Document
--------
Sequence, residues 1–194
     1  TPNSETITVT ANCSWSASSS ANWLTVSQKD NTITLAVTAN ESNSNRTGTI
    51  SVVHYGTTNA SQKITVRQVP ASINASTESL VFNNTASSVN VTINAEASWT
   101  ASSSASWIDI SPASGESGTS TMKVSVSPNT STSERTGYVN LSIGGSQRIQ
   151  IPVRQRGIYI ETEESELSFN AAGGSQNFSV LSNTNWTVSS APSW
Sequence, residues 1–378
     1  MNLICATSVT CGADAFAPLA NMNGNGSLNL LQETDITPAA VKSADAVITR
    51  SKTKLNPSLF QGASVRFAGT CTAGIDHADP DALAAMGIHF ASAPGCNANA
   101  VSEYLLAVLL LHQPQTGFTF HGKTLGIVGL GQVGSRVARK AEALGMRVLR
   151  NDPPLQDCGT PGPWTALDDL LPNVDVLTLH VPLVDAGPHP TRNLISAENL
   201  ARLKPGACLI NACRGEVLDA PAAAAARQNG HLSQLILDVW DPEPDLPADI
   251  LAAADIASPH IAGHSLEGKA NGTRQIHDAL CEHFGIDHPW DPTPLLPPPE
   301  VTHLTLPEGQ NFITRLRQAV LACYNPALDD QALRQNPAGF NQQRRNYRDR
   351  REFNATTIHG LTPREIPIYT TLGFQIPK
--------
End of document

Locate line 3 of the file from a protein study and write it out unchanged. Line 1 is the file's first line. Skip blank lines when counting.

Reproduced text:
    51  SVVHYGTTNA SQKITVRQVP ASINASTESL VFNNTASSVN VTINAEASWT